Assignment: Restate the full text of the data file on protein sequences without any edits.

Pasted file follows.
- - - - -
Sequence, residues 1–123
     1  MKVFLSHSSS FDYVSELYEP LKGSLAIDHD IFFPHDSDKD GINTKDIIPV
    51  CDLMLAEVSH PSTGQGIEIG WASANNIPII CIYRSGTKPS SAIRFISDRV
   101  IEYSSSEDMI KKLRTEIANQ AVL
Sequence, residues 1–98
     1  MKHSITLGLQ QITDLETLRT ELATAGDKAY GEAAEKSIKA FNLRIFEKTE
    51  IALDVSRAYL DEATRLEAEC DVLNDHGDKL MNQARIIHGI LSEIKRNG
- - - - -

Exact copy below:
Sequence, residues 1–123
     1  MKVFLSHSSS FDYVSELYEP LKGSLAIDHD IFFPHDSDKD GINTKDIIPV
    51  CDLMLAEVSH PSTGQGIEIG WASANNIPII CIYRSGTKPS SAIRFISDRV
   101  IEYSSSEDMI KKLRTEIANQ AVL
Sequence, residues 1–98
     1  MKHSITLGLQ QITDLETLRT ELATAGDKAY GEAAEKSIKA FNLRIFEKTE
    51  IALDVSRAYL DEATRLEAEC DVLNDHGDKL MNQARIIHGI LSEIKRNG